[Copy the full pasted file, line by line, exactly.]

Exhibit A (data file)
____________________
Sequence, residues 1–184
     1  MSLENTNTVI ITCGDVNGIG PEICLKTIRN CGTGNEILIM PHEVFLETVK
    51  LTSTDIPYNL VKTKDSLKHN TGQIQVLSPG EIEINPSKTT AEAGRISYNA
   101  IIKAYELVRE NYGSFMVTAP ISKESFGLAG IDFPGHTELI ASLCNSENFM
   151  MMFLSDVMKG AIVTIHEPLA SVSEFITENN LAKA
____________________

Sequence, residues 1–184
     1  MSLENTNTVI ITCGDVNGIG PEICLKTIRN CGTGNEILIM PHEVFLETVK
    51  LTSTDIPYNL VKTKDSLKHN TGQIQVLSPG EIEINPSKTT AEAGRISYNA
   101  IIKAYELVRE NYGSFMVTAP ISKESFGLAG IDFPGHTELI ASLCNSENFM
   151  MMFLSDVMKG AIVTIHEPLA SVSEFITENN LAKA